Indiana Senate Bill 1, signed into law by Governor Eric Holcomb on May 5, 2019, made significant changes to laws affecting foster care, kinship care and Child in Need of Services (CHINS) court proceedings. The Indiana General Assembly enacted the legislation in response to an assessment of the Indiana Department of Child Services (DCS) conducted by the Child Welfare Policy and Practice Group (CWG) and the work of the Interim Study Committee on Courts and the Judiciary (the Study Committee). The CWG recommendations focused primarily on the “front end” of the child welfare service continuum, including availability of prevention services, the statutory definition of neglect, family engagement in services, response times, caseload standards, agency culture and recruitment and retention of frontline staff, among other issues. The Study Committee examined many of the issues raised in the CWG report but was also charged with studying high rates of foster parent turnover.
A PDF copy of this summary is available here.
Senate Bill 1 has the following provisions:
- Requires that all decisions made by DCS or courts be made in consideration of the best interests of the child.
- Requires that DCS provide family case managers with telephone contacts to assist them in finding suitable placements for children 24 hours a day, seven days a week.
- Allows DCS to exceed a foster home’s capacity if a child is being placed in the home for a second or subsequent time, the placement would not cause the home to be out of compliance with federal law, and the placement would not pose a safety risk.
- Allows a foster parent, long-term foster parent or former foster parent to petition the court to intervene as a party to a CHINS proceeding or termination of parental rights (TPR) proceeding. Allows the court to grant or deny the petition with or without a hearing, except that a hearing must be held in the following circumstances:
- The petitioner is a long-term foster parent and a TPR petition has been filed, the petitioner has filed a petition to adopt the child, or the court ordered permanency plan is no longer reunification.
- In a TPR proceeding if the petitioner is a long-term foster parent.
Requires the court to grant a petition to intervene if it determines that intervention is in the best interests of the child.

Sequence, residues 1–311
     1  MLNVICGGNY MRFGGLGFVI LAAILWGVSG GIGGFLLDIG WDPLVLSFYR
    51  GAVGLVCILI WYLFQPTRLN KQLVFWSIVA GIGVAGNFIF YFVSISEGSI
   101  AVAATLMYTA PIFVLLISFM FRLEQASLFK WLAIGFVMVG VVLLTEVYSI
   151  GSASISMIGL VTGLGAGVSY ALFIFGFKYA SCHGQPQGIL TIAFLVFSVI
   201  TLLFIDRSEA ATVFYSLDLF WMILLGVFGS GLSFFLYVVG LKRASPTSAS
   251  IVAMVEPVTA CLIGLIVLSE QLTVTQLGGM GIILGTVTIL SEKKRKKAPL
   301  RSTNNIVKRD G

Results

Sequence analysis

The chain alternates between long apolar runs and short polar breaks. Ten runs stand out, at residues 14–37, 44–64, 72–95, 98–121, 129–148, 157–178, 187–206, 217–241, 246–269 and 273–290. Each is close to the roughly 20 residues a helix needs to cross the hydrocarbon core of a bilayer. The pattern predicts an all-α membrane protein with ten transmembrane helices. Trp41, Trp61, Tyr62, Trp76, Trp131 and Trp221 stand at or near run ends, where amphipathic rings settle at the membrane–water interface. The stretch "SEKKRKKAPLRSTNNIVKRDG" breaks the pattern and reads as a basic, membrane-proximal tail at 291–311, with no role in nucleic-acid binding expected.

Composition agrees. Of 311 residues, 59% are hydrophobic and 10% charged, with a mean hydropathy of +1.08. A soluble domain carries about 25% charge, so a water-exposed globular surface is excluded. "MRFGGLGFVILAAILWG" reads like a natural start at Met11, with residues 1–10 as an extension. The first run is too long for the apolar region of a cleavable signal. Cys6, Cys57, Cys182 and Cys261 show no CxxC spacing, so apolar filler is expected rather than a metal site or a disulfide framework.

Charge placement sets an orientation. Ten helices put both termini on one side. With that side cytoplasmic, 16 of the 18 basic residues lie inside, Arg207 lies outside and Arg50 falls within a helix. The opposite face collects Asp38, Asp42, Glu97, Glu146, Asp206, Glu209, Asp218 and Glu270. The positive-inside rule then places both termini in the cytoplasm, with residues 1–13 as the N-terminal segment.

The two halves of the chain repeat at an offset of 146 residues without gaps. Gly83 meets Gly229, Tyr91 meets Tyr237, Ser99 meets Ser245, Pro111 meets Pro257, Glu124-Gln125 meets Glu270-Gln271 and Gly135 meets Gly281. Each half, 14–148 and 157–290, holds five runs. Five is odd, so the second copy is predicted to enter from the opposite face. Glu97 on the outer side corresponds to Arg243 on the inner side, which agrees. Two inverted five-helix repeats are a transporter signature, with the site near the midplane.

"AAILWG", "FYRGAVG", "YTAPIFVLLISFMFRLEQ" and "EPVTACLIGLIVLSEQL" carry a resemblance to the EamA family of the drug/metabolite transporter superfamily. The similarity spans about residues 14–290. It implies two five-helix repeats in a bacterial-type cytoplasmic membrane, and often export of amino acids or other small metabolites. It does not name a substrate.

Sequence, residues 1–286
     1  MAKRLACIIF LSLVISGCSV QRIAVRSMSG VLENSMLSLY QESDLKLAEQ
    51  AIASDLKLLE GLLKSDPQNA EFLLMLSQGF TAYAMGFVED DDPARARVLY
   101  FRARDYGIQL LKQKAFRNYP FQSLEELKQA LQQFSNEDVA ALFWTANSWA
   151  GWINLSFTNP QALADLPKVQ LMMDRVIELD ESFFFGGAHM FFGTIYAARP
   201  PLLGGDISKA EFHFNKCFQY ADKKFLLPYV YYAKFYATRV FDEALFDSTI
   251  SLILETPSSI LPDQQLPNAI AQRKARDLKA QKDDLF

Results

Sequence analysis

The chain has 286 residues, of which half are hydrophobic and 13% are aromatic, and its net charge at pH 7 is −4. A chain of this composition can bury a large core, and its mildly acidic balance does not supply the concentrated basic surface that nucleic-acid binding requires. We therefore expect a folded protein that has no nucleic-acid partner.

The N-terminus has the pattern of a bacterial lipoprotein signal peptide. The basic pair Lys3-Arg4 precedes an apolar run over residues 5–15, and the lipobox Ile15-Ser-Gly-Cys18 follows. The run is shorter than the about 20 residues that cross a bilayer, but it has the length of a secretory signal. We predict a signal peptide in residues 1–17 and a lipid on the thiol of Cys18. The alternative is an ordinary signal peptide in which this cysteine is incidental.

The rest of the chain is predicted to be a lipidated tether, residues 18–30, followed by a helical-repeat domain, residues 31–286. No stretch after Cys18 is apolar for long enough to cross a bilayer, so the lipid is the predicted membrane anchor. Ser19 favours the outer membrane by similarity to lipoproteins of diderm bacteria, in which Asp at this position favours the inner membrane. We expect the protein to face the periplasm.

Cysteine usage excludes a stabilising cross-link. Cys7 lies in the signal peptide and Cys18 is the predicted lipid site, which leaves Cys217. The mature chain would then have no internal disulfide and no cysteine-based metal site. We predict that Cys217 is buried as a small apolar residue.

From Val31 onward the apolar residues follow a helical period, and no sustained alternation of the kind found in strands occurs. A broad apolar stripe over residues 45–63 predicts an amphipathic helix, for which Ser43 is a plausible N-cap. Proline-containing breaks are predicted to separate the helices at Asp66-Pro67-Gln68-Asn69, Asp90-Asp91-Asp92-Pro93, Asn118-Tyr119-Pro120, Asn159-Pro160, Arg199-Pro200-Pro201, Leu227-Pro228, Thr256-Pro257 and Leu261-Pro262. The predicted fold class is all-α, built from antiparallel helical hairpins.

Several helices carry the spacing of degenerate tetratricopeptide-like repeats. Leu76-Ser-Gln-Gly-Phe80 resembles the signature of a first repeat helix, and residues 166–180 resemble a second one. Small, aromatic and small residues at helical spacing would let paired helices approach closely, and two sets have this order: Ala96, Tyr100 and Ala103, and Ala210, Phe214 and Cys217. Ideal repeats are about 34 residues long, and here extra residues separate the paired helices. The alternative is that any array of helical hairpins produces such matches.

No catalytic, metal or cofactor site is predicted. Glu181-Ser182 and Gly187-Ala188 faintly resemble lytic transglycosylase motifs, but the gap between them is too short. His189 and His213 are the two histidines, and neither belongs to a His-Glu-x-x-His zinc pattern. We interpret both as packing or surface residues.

- Creates an exception to the statutory definition of neglect for parents who are financially unable to supply the child with necessary food, clothing or shelter, and who have not failed, refused or demonstrated an inability to seek financial or other reasonable means to do so.
- Requires caseworkers to exercise due diligence to identify all adult relatives of a child recommended to the court for out-of-home placement.
- Requires that pre-dispositional reports prepared by DCS include a description of the due diligence efforts made to identify adult relatives of the child.
- Requires the court to include in a dispositional decree an order that DCS continue exercising due diligence to identify adult relatives until the child has been in a placement for at least 12 months.
- Requires court reports required at case reviews for children in care for less than 12 months to include an explanation of DCS’s ongoing effort to identify adult relatives.
- Requires DCS and the office of judicial administration, in collaboration with foster parents and other stakeholders, to prepare a form that may be used by foster parents and other interested persons entitled to notice of court reviews to provide written testimony to the court.
- Requires DCS court reports to include information gathered from the foster parent regarding the child’s progress.
- Requires DCS to make a reasonable effort to place children who re-enter foster care with the family with whom the child was first placed, if appropriate and in the child’s best interest.
- In cases in which a child has been in foster care for 15 of the most recent 22 months and a TPR petition has not been filed, allows a foster parent, relative of the child or de facto custodian with whom the child has been placed for at least six months to file a notice with the court that a TPR petition has not been filed and requires the court to schedule a hearing within 30 days.
- Requires DCS and the office of judicial administration to jointly file a report with the General Assembly before July 1, 2020.
- Requires the office of judicial administration to include information concerning its progress in providing training and technical assistance to judicial officers on foster parents’ statutory right to be heard through oral or written testimony to the court.
- Requires DCS to include information concerning the department’s progress in improving opportunities for foster parents to provide oral and written testimony to the court.
In addition to SB 1, the Indiana General Assembly enacted HB 1006 that also addressed some of the issues identified in the CWG assessment, including extending eligibility for collaborative care services to foster youth age 21, updating the DCS caseload standards to align with those of the Child Welfare League of American, and amending timelines for response to reports of child maltreatment and completion of assessments.
Outside of the legislative arena, DCS has taken steps to improve foster parent support through creation of an online portal for resource families, hiring of an Assistant Deputy Director for foster care and a Medicaid expert, and increasing the number of foster care licensing specialists and staff dedicated to foster parent training, recruitment and retention. Other actions by DCS have reduced the number of children in care by over 14 percent, reduced staff turnover by over 18 percent and reduced foster care re-entries from 9.73 percent in 2016 to 4.83 percent in 2018.